Collapse all Step 1: Turn on UPnP to refresh your NAT table UPnP is a standard that helps routers communicate effectively. If your router or gateway supports UPnP, it’s likely turned on by default. In some scenarios, you may be able to resolve connectivity issues by refreshing the Network Address Translation (NAT) table. To refresh the NAT table on a router where UPnP is already enabled, you need to disable UPnP, save your changes, and then power cycle your router. After that, you’ll need to turn UPnP back on and save your changes. Important Don’t combine port forwarding, UPnP, and perimeter network (also known as DMZ) settings. If you previously enabled perimeter network functionality on your router, you must disable the perimeter network before you try this procedure. Follow these steps to turn UPnP off and on: Log in to your router's web-based configuration page to and make sure UPnP is turned on. Refer to your router's documentation or support website for help turning UPnP on for the first time, or off and then back on. Make sure that the router is restarted each time you update any router settings. If the router doesn’t restart automatically, restart it manually. Turn the UPnP setting off, and then save your changes. Restart your console from a full shut-down and restart all network hardware (your modem and router). Removing the mains leads, waiting 10-20 seconds and plugging the mains leads back in is the best way to ensure a full power cycle. Log in to your router's web-based configuration page to and make sure UPnP is turned off. Turn the UPnP setting back on, and then save your changes again. If there’s another setting labelled Zero Config, ensure that this setting is also turned on. Restart all network hardware (your modem and router). After resetting your router, check your NAT type again (Profile & system > Settings > General > Network settings > Test NAT type). If you don’t get any errors and your NAT Type is Open, you’re done! If you are still getting NAT errors, or if you have a Moderate or Strict NAT type, continue to the next step. Step 2: Check to see if your firmware needs to be upgraded Routers, both wired and wireless, contain embedded software called firmware. Router manufacturers often provide updates that improve performance, stability, security, and connectivity. Updating router firmware can resolve issues with slow performance or dropped connections. You can download these firmware updates and install them yourself. Your computer needs to be directly connected to the router using an Ethernet cable so you can upload the new firmware file directly to the router. Consult your device documentation or the manufacturer’s website to learn how to configure and update your specific network hardware. After updating your router’s firmware, check your NAT type again (Profile & system > Settings > General > Network settings > Test NAT type). If you don’t get any errors and your NAT Type is Open, you’re done! If you are still getting NAT errors, or if you have a Moderate or Strict NAT type, continue to the next step. Step 3: Do you have multiple Xbox consoles? If you only have one Xbox console, see: Advanced NAT troubleshooting (single console) If you have multiple Xbox consoles, see: Advanced NAT troubleshooting (multiple consoles)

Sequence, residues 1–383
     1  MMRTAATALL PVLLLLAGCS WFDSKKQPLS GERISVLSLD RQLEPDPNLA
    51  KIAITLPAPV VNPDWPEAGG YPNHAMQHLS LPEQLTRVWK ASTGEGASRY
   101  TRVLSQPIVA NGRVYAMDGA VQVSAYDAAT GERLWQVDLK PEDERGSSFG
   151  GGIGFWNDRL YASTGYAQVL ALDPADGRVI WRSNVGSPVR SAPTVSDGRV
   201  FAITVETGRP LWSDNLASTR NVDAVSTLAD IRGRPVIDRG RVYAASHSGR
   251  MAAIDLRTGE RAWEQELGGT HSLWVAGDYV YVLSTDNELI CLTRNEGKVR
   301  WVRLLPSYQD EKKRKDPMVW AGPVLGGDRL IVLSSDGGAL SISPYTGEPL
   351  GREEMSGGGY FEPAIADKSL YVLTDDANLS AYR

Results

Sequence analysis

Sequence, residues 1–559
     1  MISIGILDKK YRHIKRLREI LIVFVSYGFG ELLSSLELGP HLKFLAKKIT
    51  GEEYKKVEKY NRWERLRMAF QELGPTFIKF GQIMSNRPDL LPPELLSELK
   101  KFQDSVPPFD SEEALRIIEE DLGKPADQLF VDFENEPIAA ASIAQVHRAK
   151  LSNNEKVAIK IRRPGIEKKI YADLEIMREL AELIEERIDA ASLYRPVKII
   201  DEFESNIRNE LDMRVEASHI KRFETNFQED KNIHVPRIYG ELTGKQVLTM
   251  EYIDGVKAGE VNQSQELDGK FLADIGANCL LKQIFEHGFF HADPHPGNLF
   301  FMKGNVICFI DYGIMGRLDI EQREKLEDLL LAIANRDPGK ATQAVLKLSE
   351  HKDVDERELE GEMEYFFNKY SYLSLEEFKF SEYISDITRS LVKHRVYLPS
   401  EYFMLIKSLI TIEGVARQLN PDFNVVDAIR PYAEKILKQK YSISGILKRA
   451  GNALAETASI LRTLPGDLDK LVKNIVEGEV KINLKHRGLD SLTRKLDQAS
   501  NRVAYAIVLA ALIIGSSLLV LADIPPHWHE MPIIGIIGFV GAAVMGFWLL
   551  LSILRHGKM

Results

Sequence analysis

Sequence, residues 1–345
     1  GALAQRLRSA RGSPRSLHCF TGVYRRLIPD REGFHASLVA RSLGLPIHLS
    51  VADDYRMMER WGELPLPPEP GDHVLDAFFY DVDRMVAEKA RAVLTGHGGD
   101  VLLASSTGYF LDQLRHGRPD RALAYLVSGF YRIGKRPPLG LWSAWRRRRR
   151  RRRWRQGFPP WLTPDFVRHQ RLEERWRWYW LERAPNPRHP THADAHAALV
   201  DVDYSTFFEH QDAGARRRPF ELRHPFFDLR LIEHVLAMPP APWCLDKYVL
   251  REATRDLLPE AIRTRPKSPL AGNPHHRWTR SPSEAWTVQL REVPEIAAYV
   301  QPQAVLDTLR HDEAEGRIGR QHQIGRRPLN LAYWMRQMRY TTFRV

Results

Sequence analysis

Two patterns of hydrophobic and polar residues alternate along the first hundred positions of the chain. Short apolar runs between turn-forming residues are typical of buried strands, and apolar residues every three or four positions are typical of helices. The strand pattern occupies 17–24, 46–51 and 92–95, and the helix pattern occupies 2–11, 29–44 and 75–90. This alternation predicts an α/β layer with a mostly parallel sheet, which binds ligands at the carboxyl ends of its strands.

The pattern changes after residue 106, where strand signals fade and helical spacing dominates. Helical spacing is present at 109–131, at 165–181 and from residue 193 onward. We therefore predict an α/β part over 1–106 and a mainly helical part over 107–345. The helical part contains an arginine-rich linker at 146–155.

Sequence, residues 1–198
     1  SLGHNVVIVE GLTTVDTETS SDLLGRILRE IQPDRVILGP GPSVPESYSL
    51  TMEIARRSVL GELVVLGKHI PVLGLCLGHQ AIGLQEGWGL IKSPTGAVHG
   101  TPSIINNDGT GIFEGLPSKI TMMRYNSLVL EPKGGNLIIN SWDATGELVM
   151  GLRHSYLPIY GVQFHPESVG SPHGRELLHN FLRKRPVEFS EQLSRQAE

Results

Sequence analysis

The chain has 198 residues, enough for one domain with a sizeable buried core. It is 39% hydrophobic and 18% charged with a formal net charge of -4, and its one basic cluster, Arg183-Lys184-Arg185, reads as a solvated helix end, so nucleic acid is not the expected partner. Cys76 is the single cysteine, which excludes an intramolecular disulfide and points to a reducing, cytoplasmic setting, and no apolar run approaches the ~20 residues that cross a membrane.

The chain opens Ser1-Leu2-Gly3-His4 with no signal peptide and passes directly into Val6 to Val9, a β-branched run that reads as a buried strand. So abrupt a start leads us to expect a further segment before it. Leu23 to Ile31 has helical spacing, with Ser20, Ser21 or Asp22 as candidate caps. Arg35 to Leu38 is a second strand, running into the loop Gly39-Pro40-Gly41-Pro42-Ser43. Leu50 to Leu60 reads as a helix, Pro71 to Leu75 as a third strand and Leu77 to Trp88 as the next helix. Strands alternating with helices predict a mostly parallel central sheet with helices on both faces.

If NAT is done on ASA from 192.168.100.1/24 > X.X.X.X/24, then 192.168.100.1/24 should be configured as selectors. Or at least on FortiGate, if you do SNAT/DNAT for the traffic that will enter the tunnel, the translated subnets needs to be selectors.
You originally stated the "remote IP" was 22.214.171.124. So the IPSec is terminated at that IP on the wan side interface. Where is 126.96.36.199/29 is configured on the remote end? That's not an IP but a subnet. I'm assuming it's on another interface/LAN side. I now think you have two subnets, or even more, on the remote ends that you need to reach over the tunnel. 188.8.131.52/29 and 192.168.100.0/24, and even other 192.168.x.0/24s. You need to have each selectors like 10.128.131.96/27<->184.108.40.206/29, 10.128.131.96/27<->192.168.100.0/24, and so on.
In addition, more importantly, you need to have routes for those remote subnets toward the tunnel interface. Otherwise it would never be routed into the tunnel.
Remote gateway address: 220.127.116.11 = this is public address of the internet interface on the ASA.
Local subnet: 10.128.131.96/27 = this is the subnet that the tunnel sees as local, if you are doing any SNAT that happens BEFORE it gets to the tunnel, so the tunnel is expecting the results of the SNAT not the real source.
Remote subnet: 18.104.22.168/29 = this is the subnet inside the renote site, I would expect this to be a private IP, If the other end is doing any DNAT that happens outside the tunnel so the tunnel is expecting to sees the IPs on the packets as you are sending them.
If it helps, think of the connection as made up of 5 parts, each only aware of what is coming into and out of itself, and not what the other parts do with the traffic.
The part Routing-Rules-Tunnel-Rules-Routing
Routing only sees what the client is sending and points the traffic to the interface based on that.
Rules allow traffic and apply NAT (source or destination).
Tunnel only sees the results of the rules, what the IPs were before passing through the Rules is irrelevant, all that matters is what the source and destination is after the Rules.
And of course Routing on the other side only sees what comes out of any Rues on that end.
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